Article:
Some authors have suggested to remove the pedicle screws inserted percutaneously after fusion has occurred suggesting an “internal brace” like role of the pedicle screws. Definite advantage of this strategy is not clear though. Moreover, the second surgery has its own risks and morbidity.

It has been claimed that percutaneous fixation is a good option in patients with polytrauma, as mentioned earlier. However, it has to be kept in mind that this is true only for the surgeons who are routinely doing percutaneous fixations and take short time to insert percutaneous screws.

In patients with a TLICS score of more than 4, standalone percutaneous posterior fixation is not a good option as without fusion the chances of hardware failure will be very high. It can be used to supplement open or mini-open instrumented fusion via either an anterior/lateral or a posterior approach as described earlier in this article.


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Conclusion

Minimal invasive techniques are becoming popular in the management of patients with TLBF. However, one has to be very careful in selecting patients to be managed with minimal invasive techniques. Patients with a TLICS score of 4 can be managed with percutaneous pedicle screw fixation. There is no sound scientific rationale available as of now in taking out the hardware after some time in these patients. Patients with TLICS score of more than 4 always need arthrodesis and should never undergo percutaneous pedicle screw fixation alone.


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Conflicts of Interest

None declared.


Address for correspondence

Kanwaljeet Garg, MBBS, MCh
Department of Neurosurgery, All India Institute of Medical Sciences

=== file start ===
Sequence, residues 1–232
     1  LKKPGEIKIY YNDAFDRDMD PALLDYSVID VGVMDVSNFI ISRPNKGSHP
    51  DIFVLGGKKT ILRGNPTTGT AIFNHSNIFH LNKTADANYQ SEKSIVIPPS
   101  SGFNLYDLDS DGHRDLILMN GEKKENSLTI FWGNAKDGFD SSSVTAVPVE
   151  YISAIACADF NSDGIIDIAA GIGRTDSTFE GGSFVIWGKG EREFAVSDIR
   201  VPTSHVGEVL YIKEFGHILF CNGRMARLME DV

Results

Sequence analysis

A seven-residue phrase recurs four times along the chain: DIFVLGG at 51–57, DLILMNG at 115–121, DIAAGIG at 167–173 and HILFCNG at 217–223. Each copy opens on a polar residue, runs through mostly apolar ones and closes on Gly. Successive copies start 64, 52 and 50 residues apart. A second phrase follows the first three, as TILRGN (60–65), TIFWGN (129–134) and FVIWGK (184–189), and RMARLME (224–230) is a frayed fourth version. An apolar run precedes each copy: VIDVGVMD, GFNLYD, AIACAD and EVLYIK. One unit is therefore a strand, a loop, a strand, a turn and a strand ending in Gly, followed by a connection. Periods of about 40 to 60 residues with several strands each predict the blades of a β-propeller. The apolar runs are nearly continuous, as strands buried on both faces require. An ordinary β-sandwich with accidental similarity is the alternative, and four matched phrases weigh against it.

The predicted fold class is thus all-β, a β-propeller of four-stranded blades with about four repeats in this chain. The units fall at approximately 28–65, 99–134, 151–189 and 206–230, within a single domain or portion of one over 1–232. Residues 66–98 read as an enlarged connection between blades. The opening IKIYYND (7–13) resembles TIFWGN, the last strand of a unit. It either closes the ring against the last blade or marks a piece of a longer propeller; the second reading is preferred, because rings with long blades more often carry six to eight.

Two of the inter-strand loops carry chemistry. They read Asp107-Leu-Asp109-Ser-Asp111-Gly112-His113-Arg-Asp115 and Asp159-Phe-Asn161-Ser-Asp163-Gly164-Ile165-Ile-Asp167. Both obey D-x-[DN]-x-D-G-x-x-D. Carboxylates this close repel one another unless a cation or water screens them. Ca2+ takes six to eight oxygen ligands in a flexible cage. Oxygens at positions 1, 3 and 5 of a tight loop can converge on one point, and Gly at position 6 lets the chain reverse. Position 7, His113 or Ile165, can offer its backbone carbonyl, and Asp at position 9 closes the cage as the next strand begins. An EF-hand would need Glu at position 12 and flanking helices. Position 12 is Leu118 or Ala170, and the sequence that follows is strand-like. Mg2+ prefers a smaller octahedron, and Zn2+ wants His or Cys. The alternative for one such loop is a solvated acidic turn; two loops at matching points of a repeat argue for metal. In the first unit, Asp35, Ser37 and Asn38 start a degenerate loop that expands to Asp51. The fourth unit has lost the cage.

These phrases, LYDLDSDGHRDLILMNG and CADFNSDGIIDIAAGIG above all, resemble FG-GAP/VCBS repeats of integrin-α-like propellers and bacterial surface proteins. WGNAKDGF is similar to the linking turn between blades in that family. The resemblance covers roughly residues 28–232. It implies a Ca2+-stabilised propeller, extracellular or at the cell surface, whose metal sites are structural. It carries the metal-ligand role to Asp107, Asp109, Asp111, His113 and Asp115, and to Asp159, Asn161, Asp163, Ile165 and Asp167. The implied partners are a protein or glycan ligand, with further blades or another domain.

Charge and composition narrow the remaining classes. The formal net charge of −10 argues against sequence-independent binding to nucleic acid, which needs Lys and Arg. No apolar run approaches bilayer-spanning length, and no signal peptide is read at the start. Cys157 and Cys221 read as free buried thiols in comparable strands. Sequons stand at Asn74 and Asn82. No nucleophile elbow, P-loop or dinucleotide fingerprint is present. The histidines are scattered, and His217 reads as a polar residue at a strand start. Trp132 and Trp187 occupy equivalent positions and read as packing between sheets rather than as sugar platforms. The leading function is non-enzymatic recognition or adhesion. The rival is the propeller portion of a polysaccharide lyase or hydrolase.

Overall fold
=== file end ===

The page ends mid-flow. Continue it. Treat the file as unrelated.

New Delhi 110029
India   


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Fig. 1 X-ray lateral view showing L2 fracture.
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Fig. 2 Computed tomography (CT) scan sagittal image showing L2 burst fracture.
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Fig. 3 Computed tomography (CT) scan axial section showing a bony fragment protruding into the spinal canal.
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Fig. 4 Magnetic resonance imaging (MRI) sagittal section T2WI and T1WI showing the fracture morphology.
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Fig. 5 Postoperative computed tomography (CT) scan sagittal image showing L2 burst fracture and pedicle screws in L1 and L3 in situ.
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Fig. 6 X-ray anteroposterior (AP) view showing bilateral L1 and L3 screws, and right-sided L2 screw in situ.
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Fig. 7 Computed tomography (CT) scan axial section showing pedicle screw in the fracture level on the right side where the pedicle is intact.